How jazz secretly invaded pop music
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Nick Hasted has been a film journalist since 1986. He writes about film, music, books and comics for The Independent, Sight & Sound, Uncut and Little White Lies. He has published two books: The Dark Story of Eminem (2002), and You Really Got Me: The Story of The Kinks (2011), both from Omnibus Press.
Wednesday 11 April 2012
When Radiohead recruited drummer Clive Deamer to their live line-up last year, he found himself being grilled by Rolling Stone about Britain’s most innovative band, and had to swiftly put his interviewer straight.
“He kept using this term – ‘rock band’, ‘rock’ this, ‘rock’ that, he was dropping that in all the time,” Deamer recalls. “Halfway through the interview I had to say, ‘Hang on mate, we’re talking about Radiohead – what’s rock about Radiohead?’ Having spent nearly a year with them, they don’t see themselves as a rock band, and they’re not trying to maintain that.”
Anyone who saw their meditative surprise Glastonbury set, or heard the intricate, quiet beauty of last album The King of Limbs, would have to agree. These days, they instead sound like what one might have imagined a Blue Note modern jazz quintet would morph into by the 21st century. The presence of Deamer, who with his band Get The Blessing won 2008’s BBC Jazz Award for Best New Album, is a clue to a wider trend. He and Get The Blessing bassist Jim Barr are also Portishead’s rhythm section, while both Adele albums and parts of Emeli Sande’s were built on piano parts by 2007 BBC Jazz award-winner Neil Cowley. In the US, Wilco have been transformed by guitarist Nels Cline’s mould-breaking, ferocious improvisation skills. From Kasabian drummer Ian Matthews to Goldfrapp lynchpin Will Gregory, a music which gets little UK attention beyond the Mercury Prize’s token jazz nominee has dug a role in the mainstream’s heart.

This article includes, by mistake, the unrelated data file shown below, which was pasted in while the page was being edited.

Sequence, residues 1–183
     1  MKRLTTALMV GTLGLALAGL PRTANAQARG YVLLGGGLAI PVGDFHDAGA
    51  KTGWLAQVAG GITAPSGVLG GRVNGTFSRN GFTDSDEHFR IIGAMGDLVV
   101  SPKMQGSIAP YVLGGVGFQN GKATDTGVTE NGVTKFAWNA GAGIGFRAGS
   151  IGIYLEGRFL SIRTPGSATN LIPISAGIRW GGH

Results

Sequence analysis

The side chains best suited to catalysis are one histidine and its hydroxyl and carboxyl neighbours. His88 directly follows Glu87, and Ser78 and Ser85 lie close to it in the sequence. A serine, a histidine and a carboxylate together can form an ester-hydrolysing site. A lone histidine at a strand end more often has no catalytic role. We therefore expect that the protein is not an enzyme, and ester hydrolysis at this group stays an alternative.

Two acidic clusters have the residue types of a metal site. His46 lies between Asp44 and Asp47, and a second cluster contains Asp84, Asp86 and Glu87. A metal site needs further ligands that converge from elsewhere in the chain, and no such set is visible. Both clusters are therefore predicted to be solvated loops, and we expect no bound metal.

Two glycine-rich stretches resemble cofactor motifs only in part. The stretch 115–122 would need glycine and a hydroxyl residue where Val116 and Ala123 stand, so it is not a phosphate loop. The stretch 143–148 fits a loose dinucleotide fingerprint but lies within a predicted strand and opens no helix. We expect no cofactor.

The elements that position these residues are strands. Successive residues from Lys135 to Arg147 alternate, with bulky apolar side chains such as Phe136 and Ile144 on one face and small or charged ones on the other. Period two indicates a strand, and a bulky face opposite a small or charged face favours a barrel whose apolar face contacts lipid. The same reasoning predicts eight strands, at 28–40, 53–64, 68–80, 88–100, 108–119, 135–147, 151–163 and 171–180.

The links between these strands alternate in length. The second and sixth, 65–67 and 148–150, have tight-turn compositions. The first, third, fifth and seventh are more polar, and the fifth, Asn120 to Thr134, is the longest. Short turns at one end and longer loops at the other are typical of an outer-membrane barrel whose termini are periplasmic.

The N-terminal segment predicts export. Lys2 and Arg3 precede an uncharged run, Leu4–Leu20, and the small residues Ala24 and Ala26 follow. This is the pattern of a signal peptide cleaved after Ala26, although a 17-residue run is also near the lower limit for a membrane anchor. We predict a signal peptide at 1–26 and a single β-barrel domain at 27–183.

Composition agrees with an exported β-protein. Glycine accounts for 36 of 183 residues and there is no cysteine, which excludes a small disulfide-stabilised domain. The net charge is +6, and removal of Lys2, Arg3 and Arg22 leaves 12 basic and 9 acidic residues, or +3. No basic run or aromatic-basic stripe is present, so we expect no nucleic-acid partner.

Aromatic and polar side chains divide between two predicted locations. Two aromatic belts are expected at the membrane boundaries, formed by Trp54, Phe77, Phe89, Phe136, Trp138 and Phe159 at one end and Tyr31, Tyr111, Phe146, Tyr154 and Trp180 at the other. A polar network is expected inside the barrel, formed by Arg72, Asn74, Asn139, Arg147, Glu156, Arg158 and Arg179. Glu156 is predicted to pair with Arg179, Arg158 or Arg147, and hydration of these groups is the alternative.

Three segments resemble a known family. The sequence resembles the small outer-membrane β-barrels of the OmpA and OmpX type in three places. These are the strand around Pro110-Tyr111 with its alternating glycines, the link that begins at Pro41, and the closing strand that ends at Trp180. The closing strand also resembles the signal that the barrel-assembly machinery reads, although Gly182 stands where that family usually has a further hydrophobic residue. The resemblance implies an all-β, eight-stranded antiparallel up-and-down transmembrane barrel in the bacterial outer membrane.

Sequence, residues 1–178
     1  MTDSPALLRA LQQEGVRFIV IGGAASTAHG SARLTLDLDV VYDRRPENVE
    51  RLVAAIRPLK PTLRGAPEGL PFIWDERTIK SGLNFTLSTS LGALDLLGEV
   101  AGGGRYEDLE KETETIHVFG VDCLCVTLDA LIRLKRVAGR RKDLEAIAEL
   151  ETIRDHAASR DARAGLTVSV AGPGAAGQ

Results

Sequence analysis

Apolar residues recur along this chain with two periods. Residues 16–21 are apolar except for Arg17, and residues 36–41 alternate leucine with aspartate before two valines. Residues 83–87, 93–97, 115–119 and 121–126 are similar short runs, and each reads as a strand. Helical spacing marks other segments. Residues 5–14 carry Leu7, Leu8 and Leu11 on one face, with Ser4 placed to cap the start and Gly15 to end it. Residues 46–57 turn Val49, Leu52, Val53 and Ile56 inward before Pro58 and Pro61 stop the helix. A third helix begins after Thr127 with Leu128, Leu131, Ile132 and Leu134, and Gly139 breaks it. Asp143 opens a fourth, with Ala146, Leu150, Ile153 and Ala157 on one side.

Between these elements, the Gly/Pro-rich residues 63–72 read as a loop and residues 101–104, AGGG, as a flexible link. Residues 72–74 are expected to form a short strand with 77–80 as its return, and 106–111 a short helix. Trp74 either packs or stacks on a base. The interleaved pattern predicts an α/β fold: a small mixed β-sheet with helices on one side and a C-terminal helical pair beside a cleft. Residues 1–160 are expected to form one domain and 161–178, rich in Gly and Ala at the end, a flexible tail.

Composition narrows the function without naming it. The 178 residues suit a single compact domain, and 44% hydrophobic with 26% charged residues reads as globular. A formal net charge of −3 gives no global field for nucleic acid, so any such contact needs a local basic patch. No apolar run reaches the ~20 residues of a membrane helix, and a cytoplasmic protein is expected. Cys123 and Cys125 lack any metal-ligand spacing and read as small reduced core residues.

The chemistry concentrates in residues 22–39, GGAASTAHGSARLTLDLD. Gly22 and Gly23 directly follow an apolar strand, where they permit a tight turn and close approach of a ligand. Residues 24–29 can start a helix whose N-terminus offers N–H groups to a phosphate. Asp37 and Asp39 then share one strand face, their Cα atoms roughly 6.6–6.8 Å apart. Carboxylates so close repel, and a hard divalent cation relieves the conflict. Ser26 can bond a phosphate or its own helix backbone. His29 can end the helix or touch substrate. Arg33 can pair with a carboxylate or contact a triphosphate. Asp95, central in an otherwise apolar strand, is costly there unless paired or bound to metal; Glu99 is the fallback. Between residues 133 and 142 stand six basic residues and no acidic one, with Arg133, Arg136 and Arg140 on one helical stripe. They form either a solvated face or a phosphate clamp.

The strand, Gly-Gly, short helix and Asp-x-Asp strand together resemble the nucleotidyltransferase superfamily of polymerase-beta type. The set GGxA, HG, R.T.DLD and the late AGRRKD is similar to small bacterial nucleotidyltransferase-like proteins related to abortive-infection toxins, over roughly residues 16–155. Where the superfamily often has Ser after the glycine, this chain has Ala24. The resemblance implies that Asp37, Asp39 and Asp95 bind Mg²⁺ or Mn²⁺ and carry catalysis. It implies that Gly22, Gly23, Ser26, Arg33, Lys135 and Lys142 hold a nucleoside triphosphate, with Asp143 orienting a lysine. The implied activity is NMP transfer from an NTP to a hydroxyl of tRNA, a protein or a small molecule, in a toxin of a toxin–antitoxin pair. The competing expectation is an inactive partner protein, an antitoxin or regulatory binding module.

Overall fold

It recalls the 1960s, when musicians from Ray Davies to Motown’s studio band drew on early days as jazz players to lend rhythmic suppleness to artful pop hits. A bridge which seemed broken, as rock bands who knew nothing else and House music’s iron rhythms ruled, is tentatively being rebuilt.
When we meet as he prepares for Radiohead’s tour, Deamer explains jazz’s place in their world. “It figures in their thinking. There’s a track on King of Limbs called “Bloom”. That is the most complex, antagonistic, tangled rhythm. It’s certainly not pop music, certainly not rock. It’s got the same intensity as any Sun Ra, or [drummer] Elvin Jones burst with Coltrane. And Thom [Yorke] and Jonny [Greenwood] have their jazz references that they like. Those things do get mentioned. I don’t think they would call anything they do jazz. But they’re keenly aware that there are obvious parallels - in the way that they deliberately try to avoid cliché and standard forms for the sake of the song, and of Radiohead as an idea. Rock bands don’t do that. It’s far more like a jazz mentality. Jonny certainly, there’s a jazz player in there, along with all the other things.”